Magnesium trisilicate

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Magnesium trisilicate
Structural formula of magnesium trisilicate
Preferred IUPAC name
Dimagnesium dioxido-bis[(oxido-oxosilyl)oxy]silane
3D model (JSmol)
ECHA InfoCard 100.035.509 Edit this at Wikidata
EC Number
  • 239-076-7
  • InChI=1S/2Mg.O8Si3/c;;1-9(2)7-11(5,6)8-10(3)4/q2*+2;-4
  • [O-][Si](=O)O[Si]([O-])([O-])O[Si](=O)[O-].[Mg+2].[Mg+2]
  • [Mg++].[Mg++].[O-][Si](=O)O[Si]([O-])([O-])O[Si]([O-])=O
Molar mass 260.857 g·mol−1
Appearance White crystals
Odor Odourless
Except where otherwise noted, data are given for materials in their standard state (at 25 °C [77 °F], 100 kPa).

Magnesium trisilicate is an inorganic compound that is used as a food additive. The additive is frequently used by fast food chains to absorb fatty acids and extract impurities formed while frying edible oils.[1] It has good acid neutralizing properties, but the reaction appears too slow to serve as an effective non-prescription antacid.[2]

Health effects[edit]

On March 12, 2007, Chinese health authorities halted the use of magnesium trisilicate at Shaanxi Province KFC franchises, suspecting it to be a possible carcinogen.[3] As a response, China's Ministry of Health conducted tests at six outlets of KFC.[4] The results showed chemicals in the cooking process at KFC restaurants in the country were not harmful.[5] The Ministry of Health said tests showed that using the product to filter cooking oil had no apparent impact on health. Food scares regularly sweep the Chinese media.[6]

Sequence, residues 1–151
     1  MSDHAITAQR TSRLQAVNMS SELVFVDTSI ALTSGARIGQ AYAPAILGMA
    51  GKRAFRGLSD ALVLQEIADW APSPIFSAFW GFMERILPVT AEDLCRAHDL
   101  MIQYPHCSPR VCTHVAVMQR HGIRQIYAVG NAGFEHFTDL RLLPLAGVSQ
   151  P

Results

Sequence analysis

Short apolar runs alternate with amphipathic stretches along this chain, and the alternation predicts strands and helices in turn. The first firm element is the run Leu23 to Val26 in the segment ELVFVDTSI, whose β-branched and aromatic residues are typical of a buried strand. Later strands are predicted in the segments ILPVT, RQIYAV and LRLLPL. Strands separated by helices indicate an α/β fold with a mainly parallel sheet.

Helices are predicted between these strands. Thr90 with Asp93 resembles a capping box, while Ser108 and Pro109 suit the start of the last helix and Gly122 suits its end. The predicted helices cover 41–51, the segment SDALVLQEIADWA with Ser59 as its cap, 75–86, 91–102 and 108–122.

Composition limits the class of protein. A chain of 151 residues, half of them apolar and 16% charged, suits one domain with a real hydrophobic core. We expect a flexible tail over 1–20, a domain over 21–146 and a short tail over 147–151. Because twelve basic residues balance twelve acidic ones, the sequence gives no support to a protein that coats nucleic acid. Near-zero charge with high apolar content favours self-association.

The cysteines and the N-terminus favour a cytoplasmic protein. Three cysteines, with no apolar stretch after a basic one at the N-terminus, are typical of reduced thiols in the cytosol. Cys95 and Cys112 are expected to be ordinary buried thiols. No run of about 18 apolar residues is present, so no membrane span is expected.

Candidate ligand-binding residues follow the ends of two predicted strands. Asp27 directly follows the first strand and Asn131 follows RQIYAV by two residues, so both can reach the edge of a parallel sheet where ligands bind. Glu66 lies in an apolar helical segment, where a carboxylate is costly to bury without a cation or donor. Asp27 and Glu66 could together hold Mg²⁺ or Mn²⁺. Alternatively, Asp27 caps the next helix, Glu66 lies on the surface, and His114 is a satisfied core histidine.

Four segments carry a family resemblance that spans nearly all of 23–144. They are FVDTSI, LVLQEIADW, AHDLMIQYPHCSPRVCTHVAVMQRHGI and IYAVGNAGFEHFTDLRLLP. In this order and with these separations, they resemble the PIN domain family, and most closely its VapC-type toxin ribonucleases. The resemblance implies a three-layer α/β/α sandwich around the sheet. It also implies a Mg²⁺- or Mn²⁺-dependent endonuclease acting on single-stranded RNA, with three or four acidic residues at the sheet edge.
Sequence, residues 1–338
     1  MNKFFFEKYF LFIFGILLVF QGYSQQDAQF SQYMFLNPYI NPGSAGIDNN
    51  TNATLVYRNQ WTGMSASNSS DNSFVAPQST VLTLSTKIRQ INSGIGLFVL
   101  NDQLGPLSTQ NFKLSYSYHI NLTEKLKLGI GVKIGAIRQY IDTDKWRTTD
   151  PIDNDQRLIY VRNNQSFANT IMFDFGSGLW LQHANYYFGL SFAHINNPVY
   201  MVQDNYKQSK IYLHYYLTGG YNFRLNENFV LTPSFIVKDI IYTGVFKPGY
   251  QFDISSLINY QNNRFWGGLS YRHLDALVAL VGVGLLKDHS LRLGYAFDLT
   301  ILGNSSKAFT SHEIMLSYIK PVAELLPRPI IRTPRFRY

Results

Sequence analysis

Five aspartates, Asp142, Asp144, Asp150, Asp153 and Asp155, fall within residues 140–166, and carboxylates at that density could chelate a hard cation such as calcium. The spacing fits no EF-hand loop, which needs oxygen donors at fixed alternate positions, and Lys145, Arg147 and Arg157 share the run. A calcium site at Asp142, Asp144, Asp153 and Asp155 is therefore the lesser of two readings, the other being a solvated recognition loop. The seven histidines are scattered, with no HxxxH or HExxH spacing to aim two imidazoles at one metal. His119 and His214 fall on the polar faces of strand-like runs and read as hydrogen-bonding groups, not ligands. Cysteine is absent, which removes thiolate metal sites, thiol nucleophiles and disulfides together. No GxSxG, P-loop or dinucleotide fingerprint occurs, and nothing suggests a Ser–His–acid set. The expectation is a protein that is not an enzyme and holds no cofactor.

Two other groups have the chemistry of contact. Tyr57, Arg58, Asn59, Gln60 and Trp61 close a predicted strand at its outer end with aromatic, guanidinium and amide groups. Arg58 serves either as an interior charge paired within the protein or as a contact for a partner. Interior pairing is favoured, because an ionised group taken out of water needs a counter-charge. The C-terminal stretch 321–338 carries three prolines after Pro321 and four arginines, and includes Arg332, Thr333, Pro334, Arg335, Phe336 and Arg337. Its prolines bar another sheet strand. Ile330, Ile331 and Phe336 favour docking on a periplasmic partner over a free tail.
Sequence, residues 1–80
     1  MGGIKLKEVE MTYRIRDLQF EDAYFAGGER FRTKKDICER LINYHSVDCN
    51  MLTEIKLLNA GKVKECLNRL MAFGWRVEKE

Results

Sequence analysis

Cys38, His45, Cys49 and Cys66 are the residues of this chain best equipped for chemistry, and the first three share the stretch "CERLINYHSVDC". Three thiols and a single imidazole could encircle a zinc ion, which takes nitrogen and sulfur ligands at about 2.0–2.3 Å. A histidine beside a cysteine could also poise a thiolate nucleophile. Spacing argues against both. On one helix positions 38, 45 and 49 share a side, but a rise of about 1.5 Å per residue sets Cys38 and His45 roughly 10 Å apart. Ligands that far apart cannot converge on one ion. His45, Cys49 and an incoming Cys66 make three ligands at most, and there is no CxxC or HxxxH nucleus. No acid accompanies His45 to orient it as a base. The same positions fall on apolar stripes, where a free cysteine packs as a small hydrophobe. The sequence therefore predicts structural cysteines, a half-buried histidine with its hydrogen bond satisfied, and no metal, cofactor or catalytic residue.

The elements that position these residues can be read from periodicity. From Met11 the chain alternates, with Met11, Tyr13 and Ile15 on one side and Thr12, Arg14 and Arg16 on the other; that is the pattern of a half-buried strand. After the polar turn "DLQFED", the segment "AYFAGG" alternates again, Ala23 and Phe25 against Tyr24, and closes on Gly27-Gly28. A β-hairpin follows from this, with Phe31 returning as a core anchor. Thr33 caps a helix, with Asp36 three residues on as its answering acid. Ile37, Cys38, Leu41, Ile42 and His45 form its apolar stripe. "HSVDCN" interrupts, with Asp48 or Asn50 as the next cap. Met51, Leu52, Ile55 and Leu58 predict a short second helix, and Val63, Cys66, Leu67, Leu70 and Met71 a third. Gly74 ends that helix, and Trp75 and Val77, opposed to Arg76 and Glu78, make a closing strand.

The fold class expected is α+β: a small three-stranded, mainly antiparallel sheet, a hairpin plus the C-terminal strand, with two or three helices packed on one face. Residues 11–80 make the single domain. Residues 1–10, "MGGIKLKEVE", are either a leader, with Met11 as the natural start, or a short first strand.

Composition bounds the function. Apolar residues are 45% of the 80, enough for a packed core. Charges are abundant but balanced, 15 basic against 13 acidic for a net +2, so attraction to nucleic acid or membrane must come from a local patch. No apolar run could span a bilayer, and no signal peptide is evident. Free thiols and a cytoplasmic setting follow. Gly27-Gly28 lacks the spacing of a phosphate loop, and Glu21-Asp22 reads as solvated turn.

1. ^ Alamgir, A. N. M. (2018), Therapeutic Use of Medicinal Plants and their Extracts: Volume 2: Phytochemistry and Bioactive Compounds, Progress in Drug Research, vol. 74, Springer, p. 377, ISBN 978-3319923871
  2. ^ Washington, Neena (1991), Antacids and Anti Reflux Agents, CRC Press, p. 6, ISBN 0849354447
  3. ^ "Suspect additive found in KFC". Xinhua News Agency. March 12, 2007. Archived from the original on March 15, 2007.
  4. ^ "Chinese Health Ministry Okays KFC". Medindia. March 14, 2007.
  5. ^ "China officials clear KFC". QSRweb. March 14, 2007. Archived from the original on November 14, 2011. Retrieved September 22, 2011.
  6. ^ "China officials clear KFC after food scare". Reuters. March 13, 2007.